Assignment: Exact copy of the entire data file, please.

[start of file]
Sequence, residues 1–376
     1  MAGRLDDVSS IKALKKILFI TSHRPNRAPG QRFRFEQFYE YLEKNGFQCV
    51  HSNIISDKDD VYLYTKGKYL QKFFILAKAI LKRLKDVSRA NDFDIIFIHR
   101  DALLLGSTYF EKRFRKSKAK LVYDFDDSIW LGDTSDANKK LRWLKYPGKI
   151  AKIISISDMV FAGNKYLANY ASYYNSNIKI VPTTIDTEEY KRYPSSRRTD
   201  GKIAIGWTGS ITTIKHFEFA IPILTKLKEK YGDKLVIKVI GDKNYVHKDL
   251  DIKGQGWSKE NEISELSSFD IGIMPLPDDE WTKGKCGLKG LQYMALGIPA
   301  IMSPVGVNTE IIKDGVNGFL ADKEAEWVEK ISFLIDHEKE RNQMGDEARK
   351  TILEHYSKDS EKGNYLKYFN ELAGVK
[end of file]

Sequence, residues 1–376
     1  MAGRLDDVSS IKALKKILFI TSHRPNRAPG QRFRFEQFYE YLEKNGFQCV
    51  HSNIISDKDD VYLYTKGKYL QKFFILAKAI LKRLKDVSRA NDFDIIFIHR
   101  DALLLGSTYF EKRFRKSKAK LVYDFDDSIW LGDTSDANKK LRWLKYPGKI
   151  AKIISISDMV FAGNKYLANY ASYYNSNIKI VPTTIDTEEY KRYPSSRRTD
   201  GKIAIGWTGS ITTIKHFEFA IPILTKLKEK YGDKLVIKVI GDKNYVHKDL
   251  DIKGQGWSKE NEISELSSFD IGIMPLPDDE WTKGKCGLKG LQYMALGIPA
   301  IMSPVGVNTE IIKDGVNGFL ADKEAEWVEK ISFLIDHEKE RNQMGDEARK
   351  TILEHYSKDS EKGNYLKYFN ELAGVK